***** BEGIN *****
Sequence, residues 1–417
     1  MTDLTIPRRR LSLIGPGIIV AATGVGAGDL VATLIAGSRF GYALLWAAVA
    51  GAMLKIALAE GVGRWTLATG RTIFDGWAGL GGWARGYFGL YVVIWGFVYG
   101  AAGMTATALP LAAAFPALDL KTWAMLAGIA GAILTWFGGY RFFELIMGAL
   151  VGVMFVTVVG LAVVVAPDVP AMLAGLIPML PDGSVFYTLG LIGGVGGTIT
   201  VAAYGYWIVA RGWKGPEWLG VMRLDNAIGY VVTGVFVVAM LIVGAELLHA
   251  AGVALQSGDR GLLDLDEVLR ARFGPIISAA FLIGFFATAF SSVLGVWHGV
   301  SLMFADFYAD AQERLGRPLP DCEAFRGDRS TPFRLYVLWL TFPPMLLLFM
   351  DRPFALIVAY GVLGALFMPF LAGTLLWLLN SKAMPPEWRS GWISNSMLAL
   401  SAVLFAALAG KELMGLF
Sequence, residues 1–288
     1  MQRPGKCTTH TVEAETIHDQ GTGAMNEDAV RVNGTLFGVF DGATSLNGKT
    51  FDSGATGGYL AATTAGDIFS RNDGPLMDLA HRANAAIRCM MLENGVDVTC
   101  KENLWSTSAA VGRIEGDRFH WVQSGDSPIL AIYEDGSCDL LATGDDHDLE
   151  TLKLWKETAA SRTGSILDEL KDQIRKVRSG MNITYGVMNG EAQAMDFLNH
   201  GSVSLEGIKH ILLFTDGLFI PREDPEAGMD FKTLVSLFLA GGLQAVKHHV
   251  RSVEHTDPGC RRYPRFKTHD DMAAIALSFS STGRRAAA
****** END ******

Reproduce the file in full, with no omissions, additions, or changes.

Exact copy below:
Sequence, residues 1–417
     1  MTDLTIPRRR LSLIGPGIIV AATGVGAGDL VATLIAGSRF GYALLWAAVA
    51  GAMLKIALAE GVGRWTLATG RTIFDGWAGL GGWARGYFGL YVVIWGFVYG
   101  AAGMTATALP LAAAFPALDL KTWAMLAGIA GAILTWFGGY RFFELIMGAL
   151  VGVMFVTVVG LAVVVAPDVP AMLAGLIPML PDGSVFYTLG LIGGVGGTIT
   201  VAAYGYWIVA RGWKGPEWLG VMRLDNAIGY VVTGVFVVAM LIVGAELLHA
   251  AGVALQSGDR GLLDLDEVLR ARFGPIISAA FLIGFFATAF SSVLGVWHGV
   301  SLMFADFYAD AQERLGRPLP DCEAFRGDRS TPFRLYVLWL TFPPMLLLFM
   351  DRPFALIVAY GVLGALFMPF LAGTLLWLLN SKAMPPEWRS GWISNSMLAL
   401  SAVLFAALAG KELMGLF
Sequence, residues 1–288
     1  MQRPGKCTTH TVEAETIHDQ GTGAMNEDAV RVNGTLFGVF DGATSLNGKT
    51  FDSGATGGYL AATTAGDIFS RNDGPLMDLA HRANAAIRCM MLENGVDVTC
   101  KENLWSTSAA VGRIEGDRFH WVQSGDSPIL AIYEDGSCDL LATGDDHDLE
   151  TLKLWKETAA SRTGSILDEL KDQIRKVRSG MNITYGVMNG EAQAMDFLNH
   201  GSVSLEGIKH ILLFTDGLFI PREDPEAGMD FKTLVSLFLA GGLQAVKHHV
   251  RSVEHTDPGC RRYPRFKTHD DMAAIALSFS STGRRAAA